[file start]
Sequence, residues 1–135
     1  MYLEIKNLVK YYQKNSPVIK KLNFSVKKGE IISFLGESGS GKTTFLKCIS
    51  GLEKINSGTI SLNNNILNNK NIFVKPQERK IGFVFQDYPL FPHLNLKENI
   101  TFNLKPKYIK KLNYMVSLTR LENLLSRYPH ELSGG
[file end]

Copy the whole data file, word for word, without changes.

Sequence, residues 1–135
     1  MYLEIKNLVK YYQKNSPVIK KLNFSVKKGE IISFLGESGS GKTTFLKCIS
    51  GLEKINSGTI SLNNNILNNK NIFVKPQERK IGFVFQDYPL FPHLNLKENI
   101  TFNLKPKYIK KLNYMVSLTR LENLLSRYPH ELSGG